This week, USDA sent a wave of confusion through farm country when the Office of the Chief Economist released the agency’s 2019 long-term farm income forecast data. The report shows farm income up $14 billion, a 12% increase in 2019, mostly due to declining expenses.
USDA’s long-term agricultural projections are a departmental consensus on a long-run representative scenario for the agricultural sector for the next decade, according to the OCE. The projections are based on specific assumptions about macroeconomic conditions, policy, weather and international developments, with no domestic or external shocks to global agricultural markets.
“Their long-term projection is not [the same as] their official farm income forecast,” says John Newton, chief economist for American Farm Bureau Federation. “They do a baseline and the reason they do a baseline is for the President's budget that needs to be released. A lot of people are confused because USDA put it out on social media, but it's not in their official forecast. Because of the shutdown, that report from the Economic Research Service was delayed until March 6.”
It’s pretty early to take any of the numbers with a much degree of certainty, Newton says. In the data, which can be seen here, USDA shows farm expenses declining by $5 billion. Newton isn’t sure how that can be possible.
“They show lower expenses, but at the same time, some folks have higher costs due to the tariffs. We also have higher borrowing costs, higher costs to service debt and wage rates are rising,” he says. “I don't even know where the relief on the cost side is coming from at this point. I'm sure there's a reason, you've got a lot of economists that work on this, but you know at the end of the day, it's just it's a really early projection on what could potentially happen.”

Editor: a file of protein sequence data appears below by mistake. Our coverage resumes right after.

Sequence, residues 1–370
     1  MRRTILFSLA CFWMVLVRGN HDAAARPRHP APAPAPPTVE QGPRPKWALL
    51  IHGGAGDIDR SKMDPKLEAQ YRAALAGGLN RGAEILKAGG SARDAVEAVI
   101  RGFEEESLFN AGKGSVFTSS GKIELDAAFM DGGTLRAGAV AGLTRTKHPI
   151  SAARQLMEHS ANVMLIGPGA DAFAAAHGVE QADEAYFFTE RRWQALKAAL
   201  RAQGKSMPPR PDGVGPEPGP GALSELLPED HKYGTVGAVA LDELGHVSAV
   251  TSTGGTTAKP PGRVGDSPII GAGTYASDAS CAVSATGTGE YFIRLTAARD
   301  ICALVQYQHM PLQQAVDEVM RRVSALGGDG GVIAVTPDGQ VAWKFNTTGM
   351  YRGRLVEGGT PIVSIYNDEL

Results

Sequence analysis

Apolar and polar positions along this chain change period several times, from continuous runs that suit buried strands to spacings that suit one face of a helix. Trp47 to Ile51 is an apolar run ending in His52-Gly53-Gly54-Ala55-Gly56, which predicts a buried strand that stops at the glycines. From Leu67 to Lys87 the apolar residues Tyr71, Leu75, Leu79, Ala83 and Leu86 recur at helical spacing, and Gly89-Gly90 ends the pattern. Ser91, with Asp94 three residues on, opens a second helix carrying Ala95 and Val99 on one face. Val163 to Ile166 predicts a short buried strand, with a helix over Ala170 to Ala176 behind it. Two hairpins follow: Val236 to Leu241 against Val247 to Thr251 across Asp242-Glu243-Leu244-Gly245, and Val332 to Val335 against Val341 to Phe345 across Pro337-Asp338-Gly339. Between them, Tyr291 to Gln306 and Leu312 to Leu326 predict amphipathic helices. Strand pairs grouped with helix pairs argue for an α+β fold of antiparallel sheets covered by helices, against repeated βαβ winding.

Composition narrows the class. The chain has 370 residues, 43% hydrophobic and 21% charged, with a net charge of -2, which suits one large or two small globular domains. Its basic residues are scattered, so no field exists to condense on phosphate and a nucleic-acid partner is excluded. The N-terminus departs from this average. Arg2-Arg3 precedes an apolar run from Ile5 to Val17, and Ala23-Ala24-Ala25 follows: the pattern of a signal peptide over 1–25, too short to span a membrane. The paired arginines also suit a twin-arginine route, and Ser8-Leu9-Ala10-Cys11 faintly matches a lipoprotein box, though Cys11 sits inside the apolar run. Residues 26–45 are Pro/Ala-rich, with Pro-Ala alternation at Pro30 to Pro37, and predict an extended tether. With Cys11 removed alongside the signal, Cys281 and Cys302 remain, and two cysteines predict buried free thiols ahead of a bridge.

The forecasted income increase includes the second round of Market Facilitation Program payments, according to Newton.
“We know the administration has given out close to $7 billion now in those payments,” he says. “The other thing is they probably assume trend yield and a slight recovery in grain prices and maybe some recovery in some of the livestock sector.”
At the end of the day, Newton says it’s too soon to get excited about these numbers.
“We will get 2019 forecasts in March and that forecast is going to be based on USDA S&D projections from this most recent WASDE,” he says. “The University of Illinois’ balance sheets, which use current prices and trend yields, projected $50,000 to $60,000 loss, so you know I think people need to take all that into consideration. It's way too early to tell folks that they're going to be making 12% more money next year they did this year.”